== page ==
Planets are also popular: the belts on Jupiter, the rings around Saturn (I remember the first time I saw them, and the sense of amazement I felt when I realised I was not just seeing a trick of the light!), and their brightest moons are all relatively easy targets that capture the imagination. As I write this, Venus is bright in the evening skies and a telescope will show that it has phases, much like the moon, a discovery made by Galileo.
Astrophotography – photographing the night sky – is another popular pastime, especially for those who enjoy recording what they have seen, teasing out extra details or unleashing their creative side. There are several different types. Many people like widefield imaging, where you mount a camera on a tripod and take an exposure lasting a few seconds to capture a nighttime scene – I have seen some nice examples framed by the backs and King’s chapel recently. To image individual objects, a telescope is used to provide the magnification – while some people use expensive cameras like DSLRs or CCDs (Charge-Coupled device, for the real aficionados), a phone or ordinary digital camera held steady up to the eyepiece will give a pleasing result.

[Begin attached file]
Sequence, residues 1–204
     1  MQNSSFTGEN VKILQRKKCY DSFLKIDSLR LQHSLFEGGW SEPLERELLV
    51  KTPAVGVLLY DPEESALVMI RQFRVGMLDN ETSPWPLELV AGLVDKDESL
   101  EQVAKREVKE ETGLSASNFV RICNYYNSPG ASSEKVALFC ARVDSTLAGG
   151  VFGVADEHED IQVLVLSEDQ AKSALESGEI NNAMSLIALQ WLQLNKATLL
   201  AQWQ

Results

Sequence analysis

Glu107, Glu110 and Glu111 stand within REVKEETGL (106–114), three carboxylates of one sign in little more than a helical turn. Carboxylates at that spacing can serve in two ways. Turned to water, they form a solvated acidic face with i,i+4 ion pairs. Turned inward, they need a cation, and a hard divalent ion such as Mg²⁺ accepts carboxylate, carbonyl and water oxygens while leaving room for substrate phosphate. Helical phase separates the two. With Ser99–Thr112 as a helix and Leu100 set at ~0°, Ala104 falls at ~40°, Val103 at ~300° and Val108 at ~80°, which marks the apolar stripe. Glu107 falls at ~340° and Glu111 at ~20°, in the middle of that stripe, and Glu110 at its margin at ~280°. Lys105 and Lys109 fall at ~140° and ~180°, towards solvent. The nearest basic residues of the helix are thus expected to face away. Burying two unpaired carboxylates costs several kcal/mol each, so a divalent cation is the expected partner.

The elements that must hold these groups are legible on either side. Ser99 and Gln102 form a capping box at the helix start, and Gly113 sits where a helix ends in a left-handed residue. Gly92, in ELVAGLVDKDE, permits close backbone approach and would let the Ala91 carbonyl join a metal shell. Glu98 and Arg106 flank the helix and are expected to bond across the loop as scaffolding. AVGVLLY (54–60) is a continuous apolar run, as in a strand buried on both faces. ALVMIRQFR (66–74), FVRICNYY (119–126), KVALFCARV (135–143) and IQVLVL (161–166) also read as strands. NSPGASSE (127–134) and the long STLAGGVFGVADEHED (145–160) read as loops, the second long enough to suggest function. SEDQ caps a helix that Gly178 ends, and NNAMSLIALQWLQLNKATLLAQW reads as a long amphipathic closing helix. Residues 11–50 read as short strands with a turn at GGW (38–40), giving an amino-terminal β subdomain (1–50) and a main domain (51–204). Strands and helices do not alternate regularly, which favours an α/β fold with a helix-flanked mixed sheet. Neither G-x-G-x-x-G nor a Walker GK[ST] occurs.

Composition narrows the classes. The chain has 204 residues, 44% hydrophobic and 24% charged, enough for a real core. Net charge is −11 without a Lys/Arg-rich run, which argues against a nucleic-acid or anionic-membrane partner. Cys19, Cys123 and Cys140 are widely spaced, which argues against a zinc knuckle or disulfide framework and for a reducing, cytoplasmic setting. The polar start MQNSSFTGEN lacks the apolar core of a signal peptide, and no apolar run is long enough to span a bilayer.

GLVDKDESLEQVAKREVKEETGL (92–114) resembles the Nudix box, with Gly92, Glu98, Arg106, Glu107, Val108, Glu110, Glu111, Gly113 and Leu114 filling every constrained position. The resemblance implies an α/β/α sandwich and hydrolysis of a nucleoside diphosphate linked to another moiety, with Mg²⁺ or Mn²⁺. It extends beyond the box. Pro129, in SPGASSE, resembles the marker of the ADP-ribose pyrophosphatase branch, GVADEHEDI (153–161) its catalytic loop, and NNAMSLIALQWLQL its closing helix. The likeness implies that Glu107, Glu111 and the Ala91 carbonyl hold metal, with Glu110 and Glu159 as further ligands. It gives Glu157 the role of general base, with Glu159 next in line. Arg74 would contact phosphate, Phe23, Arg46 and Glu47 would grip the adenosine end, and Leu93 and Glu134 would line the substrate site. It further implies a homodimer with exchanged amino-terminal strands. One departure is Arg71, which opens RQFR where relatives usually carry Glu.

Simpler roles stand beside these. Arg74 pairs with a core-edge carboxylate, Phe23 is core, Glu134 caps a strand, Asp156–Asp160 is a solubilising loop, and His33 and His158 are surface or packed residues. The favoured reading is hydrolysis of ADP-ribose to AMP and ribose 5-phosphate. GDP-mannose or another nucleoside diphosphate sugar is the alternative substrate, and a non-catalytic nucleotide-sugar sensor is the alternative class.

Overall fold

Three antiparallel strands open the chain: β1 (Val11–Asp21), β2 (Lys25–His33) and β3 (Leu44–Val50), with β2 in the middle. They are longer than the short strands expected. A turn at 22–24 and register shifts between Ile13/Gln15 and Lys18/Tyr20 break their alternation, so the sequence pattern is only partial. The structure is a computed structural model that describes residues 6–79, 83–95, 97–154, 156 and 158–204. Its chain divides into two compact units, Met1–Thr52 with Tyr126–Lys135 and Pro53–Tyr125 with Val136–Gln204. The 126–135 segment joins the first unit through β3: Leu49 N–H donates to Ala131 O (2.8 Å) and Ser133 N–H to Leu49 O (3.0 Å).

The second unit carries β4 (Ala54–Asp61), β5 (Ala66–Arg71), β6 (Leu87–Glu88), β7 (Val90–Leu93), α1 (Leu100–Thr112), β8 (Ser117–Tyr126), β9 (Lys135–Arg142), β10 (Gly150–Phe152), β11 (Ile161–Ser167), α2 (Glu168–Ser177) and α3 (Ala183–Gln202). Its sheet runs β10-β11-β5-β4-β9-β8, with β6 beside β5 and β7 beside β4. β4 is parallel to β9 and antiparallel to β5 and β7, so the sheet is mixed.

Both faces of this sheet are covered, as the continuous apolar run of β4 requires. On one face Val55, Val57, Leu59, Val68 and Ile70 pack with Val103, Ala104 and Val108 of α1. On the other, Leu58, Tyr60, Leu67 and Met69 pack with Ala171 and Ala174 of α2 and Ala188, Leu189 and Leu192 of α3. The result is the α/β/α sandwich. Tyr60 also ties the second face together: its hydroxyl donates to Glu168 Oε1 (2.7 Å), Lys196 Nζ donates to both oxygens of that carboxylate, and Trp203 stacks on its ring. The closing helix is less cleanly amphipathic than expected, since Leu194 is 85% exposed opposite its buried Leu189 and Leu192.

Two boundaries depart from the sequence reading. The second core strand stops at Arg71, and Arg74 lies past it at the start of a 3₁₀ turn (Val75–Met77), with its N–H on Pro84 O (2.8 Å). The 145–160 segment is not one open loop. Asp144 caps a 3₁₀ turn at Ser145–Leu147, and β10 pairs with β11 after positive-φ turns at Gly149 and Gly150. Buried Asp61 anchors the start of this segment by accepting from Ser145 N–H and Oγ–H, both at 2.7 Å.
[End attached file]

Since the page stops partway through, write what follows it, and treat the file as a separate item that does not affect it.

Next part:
So how do you go about observing as a beginner? Start just with your eyes – a planetarium app or computer program such as Stellarium can help you identify the patterns of stars around you. To look more closely, a pair of ordinary binoculars can give really good views of the larger, brighter clusters. There are several ways to get to use Cambridge’s telescopes: the Cambridge University Astronomical Society run regular “obsnights” where everything is set up for you – you just need your eyes. They also provide training for members on how to use the telescopes for yourself and run a series of talks to learn about the universe away from practical aspects. The Institute of Astronomy run their own open evenings on Wednesdays. These events are good ways to learn more about the objects in the sky and how to find them, observing techniques, and the equipment used to observe. Be sure to wrap up warm though, as it can get cold very quickly. But get your clothing right , and there are several people mad enough (myself included) to stay up observing until 3am, even with a 9am lecture the next day!
Featured image: Andrew King